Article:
Polar Bear at the Louisville Zoo

Bear, Polar

Southern edge of the arctic pack ice, circumpolar including northern Canada, Alaska, Greenland, Norway, and Russia.

Ice covered waters of the arctic region. Some move on land for the summer.

One of the largest bears: males average 7-9 feet (may reach 9 feet) with a height of 5 feet at the shoulder. The average weight is 900 pounds and the record weight is 1600 pounds. Females are smaller weighing 400-500 pounds on average.

Captive: 25 – 30 years
Wild: 20 – 30 years

Sexually mature at 4 (female) to 8 (male) years. Mating is usually Spring and Summer here at the Louisville Zoo and can occur anytime from March to June in the wild. For several months after mating the female feeds heavily on seals and increases in weight up to 900 pounds. Delayed implantation extends the period of pregnancy to 8 months. Between October and November the pregnant female enters a maternity den hidden by snow in which she will give birth. The young are born from November to January. At birth each cub is blind and weighs about 1 pound. It has a coat of short, sparse hair. A cub of that year is called a “coy”. The female stays in the winter den with her cubs for 2 – 3 months (until March or April). She then emerges with her cubs that now weigh about 16 pounds. Since she generally fasts 4 – 6 months, a female may lose as much as ½ her body weight when she is denning with her cubs. The cubs stay with their mother until they are at least 10 months old, usually to age 2.5 years. In the wild females produce litters every 2 – 4 years. Adult females with cubs avoid adult males who are potential predators of the cubs. Male Polar bears do NOT hibernate.

The polar bear is the most carnivorous of the bear family.
Wild: Seals (especially ringed seals). They also eat fish, seabirds, whale and walrus carrion, as well as grass, lichens, seaweeds, moss, crowberries, bilberries, and cranberries.
Zoo: 3 – 4 pounds of fish; 17 pounds canine diet and polar bear biscuits.


A polar bear will lie motionless on the ice for hours in wait for its prey. It has been written that the polar bear will cover its telltale black nose with one white paw; however, this has never been documented. Roaming over the ice and through the freezing sea the polar bear makes a kill, eats its fill, and sleeps soundly on the spot, rolled up in a blanket of snow. Then it rises, hungry again, to hunt another seal. It can swim great distances at cruising speeds of six miles per hour. It can run 25 mph across rough ice, leap six-foot hurdles and climb steep ice cliffs. Polar bears have an extremely keen sense of smell. It is said a bear can smell a stranded whale covered with snow at a distance of 20 miles. Its ability to migrate across hundreds of miles of sea and ice is little understood by scientists. Not only can the bear navigate without the benefit of the sun for months on end, but also may even be able to make indispensable corrections for direction and speed of floating ice. Thus the biological mechanism of this animal is of prime interest.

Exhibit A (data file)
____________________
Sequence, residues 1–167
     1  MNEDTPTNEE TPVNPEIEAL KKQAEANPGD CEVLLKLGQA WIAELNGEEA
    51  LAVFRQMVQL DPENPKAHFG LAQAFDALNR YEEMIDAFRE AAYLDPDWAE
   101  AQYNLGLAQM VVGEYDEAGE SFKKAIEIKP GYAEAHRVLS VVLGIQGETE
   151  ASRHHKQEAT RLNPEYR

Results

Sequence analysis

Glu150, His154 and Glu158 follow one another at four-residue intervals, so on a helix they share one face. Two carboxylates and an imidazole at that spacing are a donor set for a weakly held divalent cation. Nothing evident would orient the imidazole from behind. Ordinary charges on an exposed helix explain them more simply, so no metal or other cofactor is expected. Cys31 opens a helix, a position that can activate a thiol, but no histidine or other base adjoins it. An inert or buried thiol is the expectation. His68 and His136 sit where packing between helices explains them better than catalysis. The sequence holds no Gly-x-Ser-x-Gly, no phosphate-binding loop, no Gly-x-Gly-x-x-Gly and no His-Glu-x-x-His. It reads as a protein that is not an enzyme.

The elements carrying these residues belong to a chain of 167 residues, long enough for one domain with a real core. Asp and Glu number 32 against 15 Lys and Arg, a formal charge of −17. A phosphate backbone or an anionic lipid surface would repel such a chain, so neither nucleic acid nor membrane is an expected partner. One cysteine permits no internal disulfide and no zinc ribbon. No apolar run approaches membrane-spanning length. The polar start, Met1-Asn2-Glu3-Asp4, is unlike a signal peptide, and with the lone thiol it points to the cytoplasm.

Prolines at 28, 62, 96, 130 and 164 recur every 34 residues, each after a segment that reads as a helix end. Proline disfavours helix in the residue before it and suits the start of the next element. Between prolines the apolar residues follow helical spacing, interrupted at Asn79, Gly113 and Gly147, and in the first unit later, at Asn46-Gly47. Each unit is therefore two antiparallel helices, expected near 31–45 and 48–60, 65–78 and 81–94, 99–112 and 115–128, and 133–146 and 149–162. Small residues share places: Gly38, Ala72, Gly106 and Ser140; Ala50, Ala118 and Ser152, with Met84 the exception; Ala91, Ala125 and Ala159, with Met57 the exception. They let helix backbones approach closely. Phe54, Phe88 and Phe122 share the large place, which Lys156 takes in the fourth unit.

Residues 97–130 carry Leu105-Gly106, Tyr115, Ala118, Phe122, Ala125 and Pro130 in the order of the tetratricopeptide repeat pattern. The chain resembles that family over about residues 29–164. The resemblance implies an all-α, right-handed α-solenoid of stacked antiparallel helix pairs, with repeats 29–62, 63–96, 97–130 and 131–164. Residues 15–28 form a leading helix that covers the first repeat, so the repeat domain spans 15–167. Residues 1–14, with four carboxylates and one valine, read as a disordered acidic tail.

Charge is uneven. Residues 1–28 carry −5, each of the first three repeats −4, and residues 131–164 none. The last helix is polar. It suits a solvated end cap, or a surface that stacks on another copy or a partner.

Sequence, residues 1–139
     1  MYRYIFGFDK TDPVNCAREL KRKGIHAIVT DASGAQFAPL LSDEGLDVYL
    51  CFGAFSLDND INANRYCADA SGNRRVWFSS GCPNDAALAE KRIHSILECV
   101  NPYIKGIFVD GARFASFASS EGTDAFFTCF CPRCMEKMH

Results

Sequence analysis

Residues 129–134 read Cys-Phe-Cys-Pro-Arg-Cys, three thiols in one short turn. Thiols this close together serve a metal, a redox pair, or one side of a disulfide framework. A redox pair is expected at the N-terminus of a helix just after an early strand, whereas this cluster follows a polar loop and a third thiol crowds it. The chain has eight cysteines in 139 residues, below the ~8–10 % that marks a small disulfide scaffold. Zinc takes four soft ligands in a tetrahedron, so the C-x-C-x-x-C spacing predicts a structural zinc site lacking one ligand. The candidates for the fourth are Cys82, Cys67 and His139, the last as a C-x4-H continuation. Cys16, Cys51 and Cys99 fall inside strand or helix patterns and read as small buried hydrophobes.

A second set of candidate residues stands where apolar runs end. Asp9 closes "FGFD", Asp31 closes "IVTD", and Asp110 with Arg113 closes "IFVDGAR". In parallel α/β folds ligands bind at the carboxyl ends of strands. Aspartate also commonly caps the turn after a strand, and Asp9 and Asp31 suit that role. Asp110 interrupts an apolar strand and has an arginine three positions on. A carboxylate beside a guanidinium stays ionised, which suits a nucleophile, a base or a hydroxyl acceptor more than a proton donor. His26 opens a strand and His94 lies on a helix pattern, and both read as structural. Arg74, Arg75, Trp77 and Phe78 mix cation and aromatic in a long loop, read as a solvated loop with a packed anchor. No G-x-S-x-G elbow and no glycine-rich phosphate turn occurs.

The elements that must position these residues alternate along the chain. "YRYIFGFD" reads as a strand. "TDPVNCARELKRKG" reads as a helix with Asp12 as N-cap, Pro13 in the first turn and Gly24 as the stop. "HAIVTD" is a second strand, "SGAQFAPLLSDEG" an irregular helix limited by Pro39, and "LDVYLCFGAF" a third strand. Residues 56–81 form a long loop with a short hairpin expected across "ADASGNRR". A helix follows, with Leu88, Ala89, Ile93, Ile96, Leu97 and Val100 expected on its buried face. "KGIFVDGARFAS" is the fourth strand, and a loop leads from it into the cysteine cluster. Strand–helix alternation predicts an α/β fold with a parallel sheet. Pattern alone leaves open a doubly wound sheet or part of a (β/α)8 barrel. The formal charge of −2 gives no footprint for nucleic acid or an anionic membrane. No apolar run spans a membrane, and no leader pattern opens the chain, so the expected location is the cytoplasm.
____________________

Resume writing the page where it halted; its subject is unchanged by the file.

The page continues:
Called “Nanook” by the Inuit, polar bears are the largest land-based carnivores in the world. They are protected from the arctic cold with a thick layer of fat, dense, water-repellent fur, and stiff hair on the bottom of their huge snow-shoe-like feet. Their large, rotund body and short rounded ears are designed to conserve heat. Polar bears are so will insulated that infrared photos typically show no detectable heat — except from their breath. Polar bears have a special network of blood vessels across their shoulders near the surface of their skin, which radiates heat to cool them down in hot weather. Their keen eyesight, insensitivity to snow blindness and white fur helps them skillfully stalk their prey. Their fur and fat also make them buoyant in water. They can stay submerged for up to 2 minutes. A polar bear’s fur is actually transparent. Each hair is a clear, honeycomb-like hollow tube which channels sunlight down to their black skin where the heat is absorbed.

IUCN Red List of Threatened Species — Lower Risk / Conservation Dependent. Lower Risk is determined when a species does not satisfy the criteria for any of the categories Critically Endangered, Endangered, or Vulnerable. Conservation Dependent is allocated when the cessation of the taxa specific conservation program would qualify it for one of the threatened categories within 5 years. Polar bears exemplify a successful, cooperative international conservation and management effort between five countries; Russia, Canada, the U.S.A., Norway and Denmark.

The International Agreement on the Conservation of Polar Bears and Their Habitat drafted in 1973 and ratified by Russia, Canada, The U.S.A., Norway, and Denmark, restricts hunting and calls for habitat protection and cooperative research. Due to increasing human activity in the Arctic, especially hunting, which reduced polar bear numbers to 810,000, the Polar Bear Specialist Group was formed in 1965 by the International Union for the Conservation of Nature and Natural Resources. Since 1972 the U.S. Marine Mammal Protection Act has prohibited hunting, except for native subsistence. The annual worldwide take by indigenous peoples is 100 polar bears. Current polar bear populations are estimated at 25,000 worldwide. Polar bears are subject to the effects of pollution and disturbance of their habitat (especially the females’ denning sites) by Arctic oil exploration.

Walkers Mammals of the World 5th Edition. Vol. 2. R.W. Nowak pp. 1091-1094.
Wildlife Conservation. Pp. 42-44.
Life On Earth. Polar Bear. Amway Series 4.